The IOM recommends that chimps should be used only if the research project cannot be ethically performed on people and that the use of these primates should be allowed only if their use will prevent humans from being treated to a life threatening or debilitating condition. According to the IOM, aced on these criteria, chimpanzees are not necessary for most biomedical research.
The IOM also stated that NIH should also limit the use of chimps in behavioral research in studies that provide very few insights into normal and abnormal behavior, mental and emotional health or cognitive skills. And if the chimps are used in these experiments, NIH should use techniques that do little harm to the animal both physically and mentally.The report itself lists these criteria for deciding when their use is deemed moral and appropriate.
The NIH has long banned killing chimps when their usefulness is over, unless they are suffering. For that reason a number of chimpanzee retirement centers have been established, where chimps are only sent out to pasture metaphorically. They've got tv's, play areas, all the food they can eat, good medical care, and companionship. What more could they ask? Except maybe a good jungle?
Even the latter is provided, after a fashion, by one such place, Chimp Haven, in Louisiana. There chimpanzees retired from research are given a decent environment in which to live out their natural lives, as described on their web site:
Chimp Haven’s construction began in May 2003 on 200 acres of pristine forest, donated by the local citizens of Caddo Parish, Louisiana. Chimp Haven’s facility includes an interconnected network of bedrooms, outdoor courtyard and play yards, and large, forested habitats up to five acres.
We applaud these new regulations. As regular readers know, we have often commented on examples of less than useful research being done. Clinical trials aren't our area, so we can't speak to whether drug testing on chimps is valuable overall, but since a large number of experiments done with humans are let's say inconclusive this must be true for chimps as well, particularly in the psychological or behavioral realm. It has been said, indeed, that the psychological world of chimps is so different from ours that decades of research on chimps' ability to learn 'language'--meaning human language'--have been a misguided waste of research resources, despite the human interest of the results (that is, that most research along such lines, despite protests of the investigators of course, would fall into the NIH prohibited category).
There is of course the question of the arbitrariness by which we decide what species we can do what to in the lab. Why just chimpanzees or other great apes? Why not baboons, who are widely used by researchers (including ourselves, though we only look at ones that died naturally and are interested in morphology rather than physiology or behavior)? What about the long-used (or abused?) rhesus monkeys? Do they not have a cognitive world in which fear and suffering are included? If they are so different from us as to be unqualified for special protection, why do we study them?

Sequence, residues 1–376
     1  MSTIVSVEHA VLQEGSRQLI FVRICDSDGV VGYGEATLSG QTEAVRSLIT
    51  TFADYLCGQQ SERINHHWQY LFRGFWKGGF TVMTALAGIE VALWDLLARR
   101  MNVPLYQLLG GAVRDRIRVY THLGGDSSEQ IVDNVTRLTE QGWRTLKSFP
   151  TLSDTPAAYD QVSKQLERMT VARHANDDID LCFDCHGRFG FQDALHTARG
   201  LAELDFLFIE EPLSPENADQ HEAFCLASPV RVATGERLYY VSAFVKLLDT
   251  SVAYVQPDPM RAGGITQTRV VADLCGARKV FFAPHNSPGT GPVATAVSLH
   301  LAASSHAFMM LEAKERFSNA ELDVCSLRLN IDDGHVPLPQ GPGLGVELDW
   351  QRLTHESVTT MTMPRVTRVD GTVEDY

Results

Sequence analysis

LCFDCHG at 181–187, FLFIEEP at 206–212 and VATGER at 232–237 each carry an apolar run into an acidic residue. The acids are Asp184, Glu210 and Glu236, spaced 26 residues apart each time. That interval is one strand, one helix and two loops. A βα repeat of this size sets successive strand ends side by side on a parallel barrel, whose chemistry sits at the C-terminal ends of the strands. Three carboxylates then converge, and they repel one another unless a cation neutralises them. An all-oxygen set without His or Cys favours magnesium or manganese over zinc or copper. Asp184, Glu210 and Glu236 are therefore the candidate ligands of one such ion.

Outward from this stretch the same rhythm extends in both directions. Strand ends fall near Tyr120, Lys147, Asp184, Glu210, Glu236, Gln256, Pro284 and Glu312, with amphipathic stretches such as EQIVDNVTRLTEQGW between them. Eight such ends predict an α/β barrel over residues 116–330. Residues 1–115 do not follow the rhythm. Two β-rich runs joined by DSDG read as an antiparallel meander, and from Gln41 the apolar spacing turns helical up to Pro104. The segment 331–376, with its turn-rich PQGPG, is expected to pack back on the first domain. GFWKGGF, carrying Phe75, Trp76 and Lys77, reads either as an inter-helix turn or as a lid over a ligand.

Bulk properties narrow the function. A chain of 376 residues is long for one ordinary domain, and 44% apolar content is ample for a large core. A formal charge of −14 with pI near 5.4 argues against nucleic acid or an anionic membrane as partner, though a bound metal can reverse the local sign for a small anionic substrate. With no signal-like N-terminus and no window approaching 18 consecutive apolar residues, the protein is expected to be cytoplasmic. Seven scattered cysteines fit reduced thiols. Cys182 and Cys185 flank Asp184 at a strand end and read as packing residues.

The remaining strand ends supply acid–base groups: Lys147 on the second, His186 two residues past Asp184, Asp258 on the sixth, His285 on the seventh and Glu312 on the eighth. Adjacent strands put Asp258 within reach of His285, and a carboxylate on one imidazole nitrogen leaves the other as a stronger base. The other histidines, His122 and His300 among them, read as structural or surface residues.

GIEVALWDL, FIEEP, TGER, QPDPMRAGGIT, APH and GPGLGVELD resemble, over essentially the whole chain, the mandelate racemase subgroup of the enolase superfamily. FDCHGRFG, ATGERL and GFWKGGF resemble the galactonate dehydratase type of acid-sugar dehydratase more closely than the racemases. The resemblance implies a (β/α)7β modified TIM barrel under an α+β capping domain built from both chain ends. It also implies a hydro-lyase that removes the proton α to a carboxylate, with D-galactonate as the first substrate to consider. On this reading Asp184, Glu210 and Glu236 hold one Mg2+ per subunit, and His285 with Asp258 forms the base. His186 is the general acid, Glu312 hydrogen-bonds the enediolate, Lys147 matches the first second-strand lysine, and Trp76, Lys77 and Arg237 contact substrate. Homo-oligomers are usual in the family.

The question can be, and perhaps should be, extended to all vertebrates, or perhaps all animals. No one can seriously deny that fish or even insects manifest the signs of fear, though that seems to be the position on which university research review boards act.
There is the interesting case of Neandertals, too, now that their DNA has been sequenced after a fashion (the 'whole genome' sequence available so far is not really the whole genome and it's from a composite of different individual fossils, as far as we are aware). There has been some salivation over the juicy possibility of cloning a Neandertal, in the sense of replace all the 'genes' (protein coding regions) in a human by those sequenced in Neandertals, and then using that for in vitro fertilization in some donor-incubator (a human? a chimp?). Would this be cruelty to the gestator? And what about the 'Neandertal' thus produced?
Neandertals are, consistent with the fossil record and their genomes, very close to humans in genome structure (90% closer than chimps, relatively speaking). Essentially, they were human, and debates about whether they could interbreed with those contemporaries who, based on fossils, seem more directly in our line of ancestors, are rather silly. Indeed, the evidence suggests interbreeding, so that they are direct ancestors. So, where do we draw the research line?
Would it be right to clone a Neandertal, even in the artificial sense just described? Would the new individual be allowed to be experimented on, tested for HIV susceptibility or dissected to see how many lobes in its liver, its brain scanned under various conditions, or put on display? Or would it have human rights--to go to school, to a human home rather than a cage, to vote?
In the 19th century there were strong moves against the torture of animals by science, called 'anti-vivisection' movements, and their descendants are the animal rights groups today. There are many legitimate reasons to ask whether we should do any experiments on animals, and whether understanding human biology or disease justifies it. The response generally is that of course scientists are going to do it whether it's particularly humane or not, but that we do have at least some restraints on the pain and fear etc. we can inflict, and on what species. Also, of course, we do raise and kill many animals to eat, and we're perfectly sanguine about asphyxiating zillions of fish a day so we can eat them.
So, taking care of chimps seems like an unambiguously good thing to do. But it does raise deeper questions.